Hip-Hop News: Hip Hop Maverick Proves His B-boy Skills
Local b-boy dancer shows that his dreams can come true with the dance form of urban art.
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By Denis Wilson
12/8/2005 9:26:33 PM

When Jeremy Schweitzer first started break-dancing, he would dream about it while he slept. He would think about dancing during classes. Now, four years later, this French "b-boy" has bigger dreams of revolutionizing the international break dance scene.

A b-boy is a break dancer, and the senior French language, literature and culture and entrepreneurship and emerging enterprises major is a b-boy. His eyes light up when he talks about what it means to be one.

"Hip-hop has five elements," said Schweitzer, "DJ-ing, emcee-ing, beat-boxing, graffiti and break-dancing. If I say hip-hop, you'll think of one thing: rap. A lot of people don't know what hip-hop is."

Schweitzer, whose b-boy name is "Props," explains that the flashy fashion in rap videos shown on MTV and BET - throwback jerseys, twisted caps and gold chains - are not the real sense of hip-hop culture. He says this image has little to do with what true hip-hop is all about.

As a fifth-year senior at Syracuse University, Schweitzer has gotten the hang of dressing for Upstate New York weather. Some of November's first snowflakes swirled outside the windows of Schine Dining Center, but inside the well-heated dining hall, he has pulled off one layer: a thick gray hooded sweat jacket. Underneath, he wears a thick striped sweater, turtleneck style. Thin-rimmed glasses set on rest on his nose.

If his appearance is not decidedly hip-hop, then it's just another way Schweitzer has turned the American perception of hip-hop on its head, demonstrating how the growth of hip-hop in Europe and France has followed a much different path than in the United States.

Schweitzer is working on a one-of-a-kind project, the International Breakdance Federation. In theory, the federation would rank and register dancers and focus on the "power moves" of break dancing (or breaking), which Schweitzer thinks people are most attracted to. This would take his art into an area where it has never existed: the commercially viable realm of mainstream culture. Schweitzer said the federation would make breaking more of a sport, building b-boy crews into divisions for competition, much like soccer.

This concept may seem bizarre in America, where many people think break-dancing died in the 1970s. However, break dance events in Europe often attract crowds of over 5,000 people, and the world championships started in Germany attract about 15,000. In France, the cultural doors are more open for diversity to slip in, Schweitzer said. America has diversity, but he has noticed that ethnic groups tend to self-segregate here.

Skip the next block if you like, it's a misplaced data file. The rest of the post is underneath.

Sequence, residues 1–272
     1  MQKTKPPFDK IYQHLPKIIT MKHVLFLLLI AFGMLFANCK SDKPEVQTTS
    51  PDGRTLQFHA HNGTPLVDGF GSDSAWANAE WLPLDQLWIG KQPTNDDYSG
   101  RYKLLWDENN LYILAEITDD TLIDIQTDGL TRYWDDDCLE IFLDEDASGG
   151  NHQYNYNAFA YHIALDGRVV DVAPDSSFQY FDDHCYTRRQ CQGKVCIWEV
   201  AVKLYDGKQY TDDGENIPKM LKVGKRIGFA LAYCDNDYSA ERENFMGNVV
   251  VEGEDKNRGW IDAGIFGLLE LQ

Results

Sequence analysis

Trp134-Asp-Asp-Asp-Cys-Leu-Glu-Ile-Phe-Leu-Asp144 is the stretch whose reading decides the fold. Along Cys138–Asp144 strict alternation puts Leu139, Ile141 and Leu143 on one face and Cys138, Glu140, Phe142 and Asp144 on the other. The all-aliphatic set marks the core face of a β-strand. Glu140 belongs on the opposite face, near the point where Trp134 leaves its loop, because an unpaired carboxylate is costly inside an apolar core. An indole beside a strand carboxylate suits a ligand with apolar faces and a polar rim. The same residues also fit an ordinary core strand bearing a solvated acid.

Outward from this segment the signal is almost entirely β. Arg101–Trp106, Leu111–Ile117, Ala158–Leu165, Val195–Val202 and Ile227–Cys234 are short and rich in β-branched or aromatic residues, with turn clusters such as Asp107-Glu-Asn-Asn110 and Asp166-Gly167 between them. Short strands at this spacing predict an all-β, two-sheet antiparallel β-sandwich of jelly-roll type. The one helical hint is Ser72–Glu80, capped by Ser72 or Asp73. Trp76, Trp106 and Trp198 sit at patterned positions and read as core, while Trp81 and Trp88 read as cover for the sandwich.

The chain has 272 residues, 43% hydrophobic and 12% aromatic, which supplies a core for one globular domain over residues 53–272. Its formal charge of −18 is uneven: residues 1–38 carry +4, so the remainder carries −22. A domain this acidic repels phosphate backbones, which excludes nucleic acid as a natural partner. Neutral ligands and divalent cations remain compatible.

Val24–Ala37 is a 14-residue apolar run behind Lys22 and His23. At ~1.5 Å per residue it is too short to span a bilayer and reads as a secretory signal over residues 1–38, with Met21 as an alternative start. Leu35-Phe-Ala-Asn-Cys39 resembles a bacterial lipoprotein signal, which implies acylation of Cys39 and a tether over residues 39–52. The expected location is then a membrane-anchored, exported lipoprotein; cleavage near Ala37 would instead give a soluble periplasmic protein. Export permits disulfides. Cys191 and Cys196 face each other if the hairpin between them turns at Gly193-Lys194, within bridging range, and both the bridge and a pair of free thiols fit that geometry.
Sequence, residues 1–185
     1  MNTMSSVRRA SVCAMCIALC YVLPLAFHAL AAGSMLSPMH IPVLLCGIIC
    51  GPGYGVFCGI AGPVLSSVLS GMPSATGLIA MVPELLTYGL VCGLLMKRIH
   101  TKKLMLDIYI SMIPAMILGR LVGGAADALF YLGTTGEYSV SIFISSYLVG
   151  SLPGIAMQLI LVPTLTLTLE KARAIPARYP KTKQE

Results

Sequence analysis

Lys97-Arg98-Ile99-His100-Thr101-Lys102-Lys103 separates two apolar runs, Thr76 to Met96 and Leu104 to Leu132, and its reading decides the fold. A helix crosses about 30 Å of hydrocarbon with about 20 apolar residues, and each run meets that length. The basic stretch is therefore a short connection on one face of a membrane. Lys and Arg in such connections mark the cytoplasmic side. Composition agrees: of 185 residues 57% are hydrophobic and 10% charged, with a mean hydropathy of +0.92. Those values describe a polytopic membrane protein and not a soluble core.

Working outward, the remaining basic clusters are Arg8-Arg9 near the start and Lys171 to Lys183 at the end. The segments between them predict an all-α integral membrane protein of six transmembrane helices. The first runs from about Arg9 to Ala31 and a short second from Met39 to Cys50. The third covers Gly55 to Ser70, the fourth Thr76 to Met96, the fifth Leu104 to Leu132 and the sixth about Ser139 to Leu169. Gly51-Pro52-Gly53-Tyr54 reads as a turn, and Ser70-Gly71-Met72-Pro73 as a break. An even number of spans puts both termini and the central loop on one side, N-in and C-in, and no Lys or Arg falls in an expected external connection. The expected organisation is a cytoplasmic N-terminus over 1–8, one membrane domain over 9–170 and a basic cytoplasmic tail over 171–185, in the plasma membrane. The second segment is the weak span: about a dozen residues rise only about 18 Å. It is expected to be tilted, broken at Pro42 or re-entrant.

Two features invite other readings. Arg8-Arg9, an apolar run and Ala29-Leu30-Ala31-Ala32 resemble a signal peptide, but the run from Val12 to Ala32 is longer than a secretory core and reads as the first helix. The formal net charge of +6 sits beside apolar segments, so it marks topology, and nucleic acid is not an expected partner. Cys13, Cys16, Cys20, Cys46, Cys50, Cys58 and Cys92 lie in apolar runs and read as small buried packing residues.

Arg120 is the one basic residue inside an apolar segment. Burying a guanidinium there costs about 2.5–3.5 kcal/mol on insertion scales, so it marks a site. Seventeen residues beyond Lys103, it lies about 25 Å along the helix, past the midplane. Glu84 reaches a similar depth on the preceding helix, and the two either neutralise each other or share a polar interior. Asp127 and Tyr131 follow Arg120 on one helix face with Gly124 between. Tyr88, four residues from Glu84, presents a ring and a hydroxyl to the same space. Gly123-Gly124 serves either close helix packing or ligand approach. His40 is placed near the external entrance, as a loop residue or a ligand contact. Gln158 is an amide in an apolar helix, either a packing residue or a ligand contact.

"The culture is different in France," Schweitzer said. "It doesn't matter who you are. The break-dance scene in Europe is huge."

Schweitzer was born in Paris 23 years ago to a Moroccan mother and an American father. In the early 1990s, he started to listen to French hip-hop groups like IM.

"I was more into French rapping because I could understand it," Swcheitzer said.

After he graduated from high school, Schweitzer moved to the United States to live with his father in Manhattan and attend Syracuse University. He would listen and read rap lyrics word for word and read The New York Times to improve his English.

Although many of Schweitzer's friends in France were already involved in breaking, he hadn't tried it himself. In Upstate New York, the scene was and is much different. As a freshman, Schweitzer decided to attend a practice held in the lobby of the Women's Building on the SU campus.

Schweitzer first met fellow dance crew member and friend Rachael Halter at one these practices.

"He's like a brother to me. We started breakin' at the exact same time," said Halter, a 2005 illustration alumna who went by the b-girl name "Roulette."

Eventually, the dancers were kicked out and had to practice in the basement of Shaw Hall.

"I'd do homework, then I'd break-dance," Schweitzer said.


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More articles related to the topic Breakdancing can be found here.

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